Are Randomness and Uncertainty fundamental and pervasive?
Posted on 20 April 2011 by cjf
The view that randomness impacts and shapes our lives in profound ways has been gaining traction since 2002 when Daniel Kahneman won the Nobel prize in Economics for his work with Amos Tversky in characterizing human weaknesses when facing uncertainty. My thinking on the subject was first awakened by reading Nassim Nicholas Taleb’s book Fooled by Randomness which will give anyone who imagines they can think “rationally” a healthy dose of humble pie. A more helpful discussion can be found in Jonah Lehrer’s How We Decide which pays heed to our brain’s strengths while acknowledging our weaknesses. As I relayed in a post on the brain, mind and thinking, Lehrer recommends thinking about your thinking process to strengthen its decision-making function. Recently I finished reading Leonard Mlodinow’s The Drunkard’s Walk: How Randomness Rules our Lives which provides an accessible, historically detailed, and elementary introduction to the sciences of randomness and uncertainty and shows how they rule our lives.
These books have started to change my thinking about the nature of reality itself: I see now that randomness and uncertainty have an essential role to play. Interestingly, I shunned probability and statistics, the sciences of randomness and uncertainty, in college because I was steeped in Euclid, logic, and Buckminster Fuller’s “generalized principles” in Synergetics. I wanted to design destiny with deliberate application of knowledge … to worship at the altar of scientific determinism. Fortunately, Bucky taught me to “dare to be naïve” so I have been open to the new evidence about randomness. Now I suspect that Bucky and I were a little off about this subtle subject. It isn’t surprising, probability and statistics are among the newer branches of mathematics having developed mostly after the calculus was well established. They have not had enough time to pervade our collective consciousness.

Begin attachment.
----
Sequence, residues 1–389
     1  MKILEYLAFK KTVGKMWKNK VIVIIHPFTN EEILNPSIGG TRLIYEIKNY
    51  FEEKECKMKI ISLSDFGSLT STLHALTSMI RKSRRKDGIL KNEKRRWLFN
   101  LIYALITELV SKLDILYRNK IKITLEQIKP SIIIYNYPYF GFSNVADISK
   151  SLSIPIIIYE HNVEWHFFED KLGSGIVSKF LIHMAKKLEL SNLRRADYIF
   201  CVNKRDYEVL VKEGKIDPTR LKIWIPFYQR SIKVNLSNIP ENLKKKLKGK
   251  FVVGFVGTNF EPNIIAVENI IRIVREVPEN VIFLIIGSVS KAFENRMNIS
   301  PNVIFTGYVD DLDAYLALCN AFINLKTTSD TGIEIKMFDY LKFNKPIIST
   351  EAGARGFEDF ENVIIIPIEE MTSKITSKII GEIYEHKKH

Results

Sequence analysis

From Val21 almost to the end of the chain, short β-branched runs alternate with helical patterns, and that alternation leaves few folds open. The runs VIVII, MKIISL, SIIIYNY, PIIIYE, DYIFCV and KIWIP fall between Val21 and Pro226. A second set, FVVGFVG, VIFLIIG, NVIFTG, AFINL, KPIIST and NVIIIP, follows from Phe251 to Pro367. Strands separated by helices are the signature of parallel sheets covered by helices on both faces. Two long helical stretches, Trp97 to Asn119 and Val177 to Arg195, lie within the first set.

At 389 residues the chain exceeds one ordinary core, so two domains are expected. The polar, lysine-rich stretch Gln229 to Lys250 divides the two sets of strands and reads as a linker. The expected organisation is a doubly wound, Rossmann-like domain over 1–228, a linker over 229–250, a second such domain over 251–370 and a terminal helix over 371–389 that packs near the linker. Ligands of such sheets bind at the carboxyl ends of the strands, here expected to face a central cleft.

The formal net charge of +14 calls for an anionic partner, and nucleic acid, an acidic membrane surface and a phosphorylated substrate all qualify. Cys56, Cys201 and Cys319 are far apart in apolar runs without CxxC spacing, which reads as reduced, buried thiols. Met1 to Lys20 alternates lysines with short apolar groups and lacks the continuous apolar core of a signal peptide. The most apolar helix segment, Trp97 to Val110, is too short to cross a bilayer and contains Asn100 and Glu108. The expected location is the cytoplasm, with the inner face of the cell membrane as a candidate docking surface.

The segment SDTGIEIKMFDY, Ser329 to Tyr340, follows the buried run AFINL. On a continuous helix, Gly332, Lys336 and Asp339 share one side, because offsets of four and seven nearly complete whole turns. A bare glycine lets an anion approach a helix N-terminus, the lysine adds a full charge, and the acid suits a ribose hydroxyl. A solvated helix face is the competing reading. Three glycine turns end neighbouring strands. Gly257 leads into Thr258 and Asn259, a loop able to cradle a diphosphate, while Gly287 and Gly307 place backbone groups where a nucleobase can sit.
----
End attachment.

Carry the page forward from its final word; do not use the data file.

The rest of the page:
Do you think the world is fundamentally deterministic or random? What influences have shaped your thinking and biases about the subjects of randomness, uncertainty, probability, and statistics? Do you think the increasing focus on the role of randomness and uncertainty in our lives is an important trend?
Randomness Rules Our Lives